The Way it Was: the Famine in Arranmore
On the recent visit to Arranmore by 57 Beaver Islanders for the
Twinning Ceremony, much of its history was recounted, either by
Charlie O'Hara or by those in the party from America such as Paul
Cole, who delivered a talk about those sad days on the pier at
Everyone knows that the Famine began with potato blight in 1845,
but few realize how close to the edge the people of Arranmore
had been living, and how quickly they were overcome. A visitor
to the island of 1,300 inhabitants in September of 1845 reported
how amazed he was when wretchedly gaunt, half-clothed, and shoeless
people rushed up to him with requests for relief.
At that time Arranmore was the property of an absentee landlord,
the Marquis Conyngham. He never paid a visit to his holding, instead
leaving its administration to Benbow, an English agent who was
rarely there either. In the spring of 1846, everyone hoped and
prayed that the blight that had devastated the crop the previous
year would abate, but it was worse, turning entire fields into
a stinking black mass. As hunger increased, Benbow was no help;
his only mandate was to meet his quota, an impossible task. To
stay alive some normally honest people did whatever they could,
driven to hunt for any secret trove of food held by their neighbor.
Those caught looting were branded as thieves in any way possible;
one woman, a Mary Gallagher, had her ears hacked off as her penalty.
Relief efforts were irregular, and hardly ever reached the distant
provinces because of poor roads and poorer methods of distribution.
In 1846 a load of Indian meal reached Arranmore, but it was an
inedible rancid soggy mess, full of weevils and maggots. That
fall a food depot was set up in Burtonport, but there was not
nearly enough to go around. The authorities feared that a rebellion
would bring them down, and in fact the meager stores were frequently
looted before they could be passed out.
Everyone hoped that the worst was overit had to be. But
1847 brought no relief. The blight continued and, if anything,
was worse. Destitute people could be seen combing the fields with
rakes, hoping for a single potato to keep the wolf from the doorto
no avail. They were dropping everywhere, in the fields, in the
streets, or in their homes. Every family had its dead by starvation.
The destruction of the potato crop, almost the only source of
food, was total. Relief ships, such as the Lame, carrying wheat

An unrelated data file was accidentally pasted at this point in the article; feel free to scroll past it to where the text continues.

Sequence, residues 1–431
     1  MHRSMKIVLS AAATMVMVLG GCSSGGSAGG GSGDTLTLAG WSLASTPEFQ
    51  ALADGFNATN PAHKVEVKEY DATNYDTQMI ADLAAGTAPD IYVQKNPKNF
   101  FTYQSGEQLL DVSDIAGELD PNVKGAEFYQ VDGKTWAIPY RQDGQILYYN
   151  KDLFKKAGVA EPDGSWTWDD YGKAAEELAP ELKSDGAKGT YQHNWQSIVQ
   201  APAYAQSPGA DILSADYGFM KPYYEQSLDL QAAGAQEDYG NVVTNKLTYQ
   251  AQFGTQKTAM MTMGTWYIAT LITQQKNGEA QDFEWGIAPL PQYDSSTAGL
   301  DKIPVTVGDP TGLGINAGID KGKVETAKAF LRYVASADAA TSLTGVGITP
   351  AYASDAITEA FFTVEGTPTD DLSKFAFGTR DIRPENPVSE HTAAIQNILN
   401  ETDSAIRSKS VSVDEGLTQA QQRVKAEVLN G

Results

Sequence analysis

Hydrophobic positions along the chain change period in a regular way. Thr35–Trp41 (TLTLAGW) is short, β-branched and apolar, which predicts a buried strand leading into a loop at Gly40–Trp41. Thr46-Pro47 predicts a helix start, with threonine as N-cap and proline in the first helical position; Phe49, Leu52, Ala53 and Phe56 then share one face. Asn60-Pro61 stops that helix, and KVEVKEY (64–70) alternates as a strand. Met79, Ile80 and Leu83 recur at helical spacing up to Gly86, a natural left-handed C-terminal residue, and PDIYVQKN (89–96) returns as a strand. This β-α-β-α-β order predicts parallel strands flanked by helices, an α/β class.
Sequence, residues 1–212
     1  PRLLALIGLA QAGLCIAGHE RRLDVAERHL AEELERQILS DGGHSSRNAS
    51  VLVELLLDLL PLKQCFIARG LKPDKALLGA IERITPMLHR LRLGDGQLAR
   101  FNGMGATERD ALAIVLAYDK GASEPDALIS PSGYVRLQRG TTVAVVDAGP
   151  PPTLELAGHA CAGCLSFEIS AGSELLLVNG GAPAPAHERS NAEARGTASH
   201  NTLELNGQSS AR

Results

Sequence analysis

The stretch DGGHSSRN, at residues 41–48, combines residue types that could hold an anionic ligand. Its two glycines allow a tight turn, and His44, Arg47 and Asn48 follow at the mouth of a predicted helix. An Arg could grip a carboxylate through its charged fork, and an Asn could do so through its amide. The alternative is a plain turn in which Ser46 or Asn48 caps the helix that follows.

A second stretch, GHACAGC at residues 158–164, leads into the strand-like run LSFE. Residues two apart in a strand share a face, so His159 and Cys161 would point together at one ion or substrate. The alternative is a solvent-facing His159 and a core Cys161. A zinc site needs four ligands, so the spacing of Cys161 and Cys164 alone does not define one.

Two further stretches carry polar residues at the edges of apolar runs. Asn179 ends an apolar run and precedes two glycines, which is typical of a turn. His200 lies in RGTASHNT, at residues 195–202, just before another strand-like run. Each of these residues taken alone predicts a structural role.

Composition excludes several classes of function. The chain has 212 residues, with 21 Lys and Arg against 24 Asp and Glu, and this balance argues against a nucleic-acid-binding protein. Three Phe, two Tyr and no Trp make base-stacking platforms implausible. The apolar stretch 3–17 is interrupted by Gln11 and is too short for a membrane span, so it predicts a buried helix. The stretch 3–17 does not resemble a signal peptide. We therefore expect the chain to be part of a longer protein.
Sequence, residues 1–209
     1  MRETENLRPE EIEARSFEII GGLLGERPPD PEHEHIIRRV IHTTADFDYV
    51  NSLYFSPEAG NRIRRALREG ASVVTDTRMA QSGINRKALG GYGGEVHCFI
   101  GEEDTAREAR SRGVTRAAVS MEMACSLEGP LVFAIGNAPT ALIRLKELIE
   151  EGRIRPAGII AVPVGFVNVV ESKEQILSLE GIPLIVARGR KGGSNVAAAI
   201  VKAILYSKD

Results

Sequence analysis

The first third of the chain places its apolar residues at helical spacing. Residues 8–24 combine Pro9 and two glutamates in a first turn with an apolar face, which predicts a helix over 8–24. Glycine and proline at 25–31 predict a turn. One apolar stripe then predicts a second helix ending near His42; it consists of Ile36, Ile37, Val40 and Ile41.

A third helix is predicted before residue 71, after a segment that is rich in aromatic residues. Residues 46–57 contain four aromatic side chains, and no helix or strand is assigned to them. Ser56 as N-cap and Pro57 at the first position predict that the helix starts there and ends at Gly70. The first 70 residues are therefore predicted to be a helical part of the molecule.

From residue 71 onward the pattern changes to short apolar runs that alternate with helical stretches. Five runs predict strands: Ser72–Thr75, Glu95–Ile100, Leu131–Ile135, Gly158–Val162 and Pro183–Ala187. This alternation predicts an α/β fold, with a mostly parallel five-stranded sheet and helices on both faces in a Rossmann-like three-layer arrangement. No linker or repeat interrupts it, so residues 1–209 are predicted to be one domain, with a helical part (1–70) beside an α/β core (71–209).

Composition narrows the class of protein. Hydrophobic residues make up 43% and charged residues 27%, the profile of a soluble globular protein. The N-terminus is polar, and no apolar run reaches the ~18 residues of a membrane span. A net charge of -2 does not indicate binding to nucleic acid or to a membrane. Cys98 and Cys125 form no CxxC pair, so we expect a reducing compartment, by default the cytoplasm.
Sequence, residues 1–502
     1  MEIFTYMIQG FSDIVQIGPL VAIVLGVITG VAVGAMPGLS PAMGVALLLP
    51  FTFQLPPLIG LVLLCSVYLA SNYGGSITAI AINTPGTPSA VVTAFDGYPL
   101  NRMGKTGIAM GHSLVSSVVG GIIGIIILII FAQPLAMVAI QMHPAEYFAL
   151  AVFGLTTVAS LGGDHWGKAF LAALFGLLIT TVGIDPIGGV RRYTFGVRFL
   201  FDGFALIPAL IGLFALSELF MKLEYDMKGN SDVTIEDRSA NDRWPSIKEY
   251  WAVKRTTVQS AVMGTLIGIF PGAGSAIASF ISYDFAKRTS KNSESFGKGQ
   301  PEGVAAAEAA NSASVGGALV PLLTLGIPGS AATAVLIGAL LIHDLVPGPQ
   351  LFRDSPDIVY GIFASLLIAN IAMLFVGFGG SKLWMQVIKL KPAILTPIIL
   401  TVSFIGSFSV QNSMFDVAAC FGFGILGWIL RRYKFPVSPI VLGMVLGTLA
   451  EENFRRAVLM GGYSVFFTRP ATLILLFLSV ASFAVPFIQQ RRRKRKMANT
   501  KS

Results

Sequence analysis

meal from Belfast, were attacked by starving mobs and stripped
of any food in their holds. The police, wanting to make an example,
pulled a raid on Arranmore, confiscating everything they foundin
their view, it had to have been stolen, and probably was.
To add to their distress, Conyngham judged his island to be unprofitable
and petitioned to have it declared a separate Poor-law District.
As this was being done, he sold it in 1847. to Charlie Beag, a
callous land speculator. Charlie Beag immediately decided to consolidate
the farms by greatly reducing the population, which he did by
evicting anyone who could not produce a written receipt for their
rent. These had never had to be shown before, and when they had
been received had not been saved.
To facilitate the eviction, Charlie Beag gave the departing tenants
two options. They could go into the poorhouse at Glenties, or
they could board a ship for America that he promised would be
waiting for them at Donegal Town. Many chose the poorhouse because
they were so weak and malnourished that they did not feel they
could survive an ocean crossing. But the facility at Glenties
was already overcrowdedits death rate was the highest in
the country because it had been built in a swamp and flooded much
of the year. Even the officials admitted that it reeked of death.
Its charges were given clumps of old straw as their bed, with
six or seven forced to sleep in a bundle, for warmth, under a
single filthy rag. Conditions were so bad that the matron was
sacked for dereliction of duty.
The braver ones to be forced off Arranmore went to Donegal Town,
marching there on foot from Burtonport to board Charlie Beag's
boatbut it was not there! Once again, promises were revealed
to be just empty words, issued to get them off his land. There
they were, with no money, no clothes, and no food. Hanging around,
waiting for a miracle, they began to fall in their tracks. The
good people living there did what they could, but there were few
Finally a miracle of sorts did take place. The Quakers, one of
the few religious organizations to mobilize over the Irish tragedy,
sent them a shipone of the infamous 'coffin ships.' It looked
like it would sink, but the hand of God was on them and they made
it across the Atlantic in one piece, the ship only sinking on
its return trip.
Those who made it to America rejoiced, and sent for their friends.
Many settled on Beaver, either directly or after stopping elsewhere
first, once the Strangites were dispersed. Seven generations went
by, more or less depending on the family, before their heirs sailed
back to the island from which they had come, our new Twin. Imagine
how their hearts leaped in their chests when they saw, as they
approached her shore, hundreds of people waving and playing music
and holding up a huge banner simply saying, Welcome Home!
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